"Susan Wright is no stranger to the writing interstellar fiction, having built up quite a reputation with her Star Trek novels. Additionally, she's a spokesperson for the National Coalition for Sexual Freedom, so if anyone is qualified (as well as justified) in portraying new and interesting aspects of sexuality, Wright is. Enter with an open mind and a spirit of rebellion, and you'll find yourself satisfied by Slave Trade."
by Melissa Kowalewski, September 6, 2003
"I was pleasantly surprised by this book. The characters are fairly well developed and the plot entertaining. While there were definite stylistic similarities to the Star Trek novels that Wright is known for writing in the past, it is easy to see why a person would get drawn into this book because not only is the story entertaining, but it gives readers a few, solid lessons to take home with them. For instance, teamwork and cooperation between two different groups of people, particularly groups that are "racially" different, can lead to many extraordinary and powerful changes, like overthrowing slavery."
by Eric Henriksen, April 2003
"This story supports many characters and intertwining threads, doing well with tying them all into a cohesive world. The characters are emotionally involving and well developed with changing first person point of view...giving greater insights into their motives and actions."
What authors do you read?
I read lots of science fiction, as well as every 19th century novel I can find. I know that's a strange combination, but it works for me. My favorite classic author is Anthony Trollope because he wrote so many books about relationships that were complicated by cultural restrictions. As for sci-fi, in particular I enjoyed Lois McMaster Bujold's Miles Vorkosigan series, David Weber's Honor Harrington series, and Kim Stanley Robinson's Mars series. I recently read Kushiel's Dart and Kushiel's Chosen, and am currently reading Kushiel's Avatar. I love the way Carey has brought SM to life in her fantasy novels.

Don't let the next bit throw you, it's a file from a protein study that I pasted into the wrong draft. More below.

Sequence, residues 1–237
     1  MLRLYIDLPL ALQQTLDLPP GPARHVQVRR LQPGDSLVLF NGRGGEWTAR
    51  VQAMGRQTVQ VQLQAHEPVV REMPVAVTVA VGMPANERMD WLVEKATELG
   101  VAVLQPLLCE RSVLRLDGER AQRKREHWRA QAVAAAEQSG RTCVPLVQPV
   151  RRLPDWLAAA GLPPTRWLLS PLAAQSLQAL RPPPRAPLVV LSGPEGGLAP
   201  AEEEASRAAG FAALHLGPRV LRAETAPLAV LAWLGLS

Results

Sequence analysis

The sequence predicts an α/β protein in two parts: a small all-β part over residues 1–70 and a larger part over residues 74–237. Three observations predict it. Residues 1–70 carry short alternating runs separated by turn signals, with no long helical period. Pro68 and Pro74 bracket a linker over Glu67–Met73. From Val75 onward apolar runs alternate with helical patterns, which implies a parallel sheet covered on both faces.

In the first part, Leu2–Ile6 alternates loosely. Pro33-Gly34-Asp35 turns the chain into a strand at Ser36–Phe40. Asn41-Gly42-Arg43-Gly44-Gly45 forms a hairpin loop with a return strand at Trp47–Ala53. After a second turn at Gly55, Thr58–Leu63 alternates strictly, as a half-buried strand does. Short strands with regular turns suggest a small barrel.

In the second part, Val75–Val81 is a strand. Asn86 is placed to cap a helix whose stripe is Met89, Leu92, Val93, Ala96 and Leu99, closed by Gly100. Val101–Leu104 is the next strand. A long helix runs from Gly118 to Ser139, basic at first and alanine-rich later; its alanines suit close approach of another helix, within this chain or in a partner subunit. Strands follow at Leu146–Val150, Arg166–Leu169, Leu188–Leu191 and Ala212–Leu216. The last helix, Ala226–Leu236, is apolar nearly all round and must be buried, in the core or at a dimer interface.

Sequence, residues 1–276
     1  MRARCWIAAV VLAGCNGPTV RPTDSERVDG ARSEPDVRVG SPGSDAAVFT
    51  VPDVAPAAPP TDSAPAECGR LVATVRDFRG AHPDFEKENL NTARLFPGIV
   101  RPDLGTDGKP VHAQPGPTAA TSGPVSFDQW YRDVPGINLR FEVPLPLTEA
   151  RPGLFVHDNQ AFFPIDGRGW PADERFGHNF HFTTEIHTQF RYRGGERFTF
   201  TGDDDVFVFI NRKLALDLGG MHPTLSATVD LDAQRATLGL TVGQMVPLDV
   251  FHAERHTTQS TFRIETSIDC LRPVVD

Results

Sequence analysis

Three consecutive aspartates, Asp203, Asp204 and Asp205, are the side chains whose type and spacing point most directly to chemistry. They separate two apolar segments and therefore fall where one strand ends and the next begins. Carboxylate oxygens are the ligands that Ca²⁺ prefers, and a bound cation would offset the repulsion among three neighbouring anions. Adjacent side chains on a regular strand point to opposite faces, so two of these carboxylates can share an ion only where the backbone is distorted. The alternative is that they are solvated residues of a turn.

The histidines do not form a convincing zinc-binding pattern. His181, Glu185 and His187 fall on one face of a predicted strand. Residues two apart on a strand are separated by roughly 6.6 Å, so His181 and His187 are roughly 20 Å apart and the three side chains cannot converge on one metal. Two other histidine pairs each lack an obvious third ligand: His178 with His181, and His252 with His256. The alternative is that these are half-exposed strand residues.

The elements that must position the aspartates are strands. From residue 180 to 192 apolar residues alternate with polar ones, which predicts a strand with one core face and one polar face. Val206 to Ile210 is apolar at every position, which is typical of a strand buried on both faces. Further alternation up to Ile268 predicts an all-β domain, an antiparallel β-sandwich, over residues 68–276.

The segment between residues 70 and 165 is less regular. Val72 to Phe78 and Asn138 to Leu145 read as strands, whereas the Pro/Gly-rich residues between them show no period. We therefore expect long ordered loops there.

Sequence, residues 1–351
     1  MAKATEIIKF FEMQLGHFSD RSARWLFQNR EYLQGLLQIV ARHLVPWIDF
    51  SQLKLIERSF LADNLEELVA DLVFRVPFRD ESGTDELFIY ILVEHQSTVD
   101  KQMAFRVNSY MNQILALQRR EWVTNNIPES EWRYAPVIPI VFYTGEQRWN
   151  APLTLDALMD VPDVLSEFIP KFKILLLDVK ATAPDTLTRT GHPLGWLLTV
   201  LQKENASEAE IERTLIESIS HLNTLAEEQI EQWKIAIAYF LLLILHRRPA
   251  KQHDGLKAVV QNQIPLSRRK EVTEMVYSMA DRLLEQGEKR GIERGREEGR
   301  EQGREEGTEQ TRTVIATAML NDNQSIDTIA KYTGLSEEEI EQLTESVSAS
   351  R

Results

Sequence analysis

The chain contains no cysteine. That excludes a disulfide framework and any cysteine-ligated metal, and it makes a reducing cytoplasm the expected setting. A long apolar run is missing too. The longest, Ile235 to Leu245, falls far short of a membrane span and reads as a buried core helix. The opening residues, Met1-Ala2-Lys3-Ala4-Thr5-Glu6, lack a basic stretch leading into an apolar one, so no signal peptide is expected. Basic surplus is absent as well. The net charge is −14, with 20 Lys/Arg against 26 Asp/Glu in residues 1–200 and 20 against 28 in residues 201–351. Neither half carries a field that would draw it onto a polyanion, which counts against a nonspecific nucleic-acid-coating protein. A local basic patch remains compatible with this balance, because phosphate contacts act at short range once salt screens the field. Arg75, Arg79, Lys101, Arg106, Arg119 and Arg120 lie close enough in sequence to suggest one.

I liked your Dark Passions books for Star Trek. When are you going to do more of those?
I've created a proposal for another 2-book Star Trek: Mirror Universe series that takes place at the same time as DS9. I was very excited about this series because it got a great response from readers who wanted to see more. But the editor of the series, John Ordover, left Pocket Books to start his own publishing company. So if you want to see the story continue with the alternate Seven of Nine and Kira Nerys as well as new mirror characters like Jean Luc Picard, then tell the editors at Pocket Books. I'm ready to start writing!
I found the reader reviews of Dark Passions on Amazon. Do you have any others?
Here's a handful of reviews for several of my Star Trek novels:
by Karin Pissoort, February 14, 2001
***** (5 stars) "Female Power! I loved it! We all adore Seven of Nine with her strong Borg identity but it is an even greater pleasure to read about her alternate character as an agent of the Cardassian Obsidian Order. And what an opening scene: to have her assassinate that Klingon in cold blood... immediately the tone is set for this series. Susan Wright is the next in line to write a very good novel about this merciless realm. It will certainly appeal to all readers who go for a little more "adult" adventures of our well known Star Trek characters. I am sure Susan had great fun in writing this story about the Mirror Universe and its wicked women who go boldly were no man has gone before! A Best-Seller!"
Science Fiction Weekly
Trek Must Get Beyond the Borg by Theodore Wilczynski, January 2001
I just read Star Trek: Dark Passions (parts 1 and 2) by Susan Wright and found them more enjoyable than anything in the Star Trek universe in a while. Perhaps Wright should develop the new series. For those who don't know, Dark Passions takes place in the mirror universe. It's a universe of dark betrayals and inner plots. A series in the mirror universe would be great and would give several Star Trek characters from all of the series a chance to interact.
Gateways: One Small Step
by Michelle Erica Green, August 21, 2001